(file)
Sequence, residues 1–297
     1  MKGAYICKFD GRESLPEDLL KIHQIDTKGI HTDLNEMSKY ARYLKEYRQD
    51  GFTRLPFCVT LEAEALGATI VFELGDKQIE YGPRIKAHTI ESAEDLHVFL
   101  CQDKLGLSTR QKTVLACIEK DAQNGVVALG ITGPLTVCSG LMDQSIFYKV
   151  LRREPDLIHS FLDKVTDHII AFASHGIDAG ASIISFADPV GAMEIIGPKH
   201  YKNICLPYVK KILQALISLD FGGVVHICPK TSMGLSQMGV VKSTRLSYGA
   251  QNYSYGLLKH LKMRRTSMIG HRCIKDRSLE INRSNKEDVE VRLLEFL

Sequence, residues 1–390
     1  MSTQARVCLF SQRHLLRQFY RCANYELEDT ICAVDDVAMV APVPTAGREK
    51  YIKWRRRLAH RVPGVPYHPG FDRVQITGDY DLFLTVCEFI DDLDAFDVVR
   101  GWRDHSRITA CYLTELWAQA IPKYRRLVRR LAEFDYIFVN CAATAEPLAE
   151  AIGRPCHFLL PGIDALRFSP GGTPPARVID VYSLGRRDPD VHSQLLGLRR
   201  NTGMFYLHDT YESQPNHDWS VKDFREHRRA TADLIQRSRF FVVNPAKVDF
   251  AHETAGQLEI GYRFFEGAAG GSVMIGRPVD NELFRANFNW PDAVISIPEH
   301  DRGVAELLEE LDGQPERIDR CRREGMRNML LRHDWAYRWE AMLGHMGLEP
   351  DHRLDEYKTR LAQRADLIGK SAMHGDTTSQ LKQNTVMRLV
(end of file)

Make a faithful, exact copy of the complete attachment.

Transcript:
Sequence, residues 1–297
     1  MKGAYICKFD GRESLPEDLL KIHQIDTKGI HTDLNEMSKY ARYLKEYRQD
    51  GFTRLPFCVT LEAEALGATI VFELGDKQIE YGPRIKAHTI ESAEDLHVFL
   101  CQDKLGLSTR QKTVLACIEK DAQNGVVALG ITGPLTVCSG LMDQSIFYKV
   151  LRREPDLIHS FLDKVTDHII AFASHGIDAG ASIISFADPV GAMEIIGPKH
   201  YKNICLPYVK KILQALISLD FGGVVHICPK TSMGLSQMGV VKSTRLSYGA
   251  QNYSYGLLKH LKMRRTSMIG HRCIKDRSLE INRSNKEDVE VRLLEFL

Sequence, residues 1–390
     1  MSTQARVCLF SQRHLLRQFY RCANYELEDT ICAVDDVAMV APVPTAGREK
    51  YIKWRRRLAH RVPGVPYHPG FDRVQITGDY DLFLTVCEFI DDLDAFDVVR
   101  GWRDHSRITA CYLTELWAQA IPKYRRLVRR LAEFDYIFVN CAATAEPLAE
   151  AIGRPCHFLL PGIDALRFSP GGTPPARVID VYSLGRRDPD VHSQLLGLRR
   201  NTGMFYLHDT YESQPNHDWS VKDFREHRRA TADLIQRSRF FVVNPAKVDF
   251  AHETAGQLEI GYRFFEGAAG GSVMIGRPVD NELFRANFNW PDAVISIPEH
   301  DRGVAELLEE LDGQPERIDR CRREGMRNML LRHDWAYRWE AMLGHMGLEP
   351  DHRLDEYKTR LAQRADLIGK SAMHGDTTSQ LKQNTVMRLV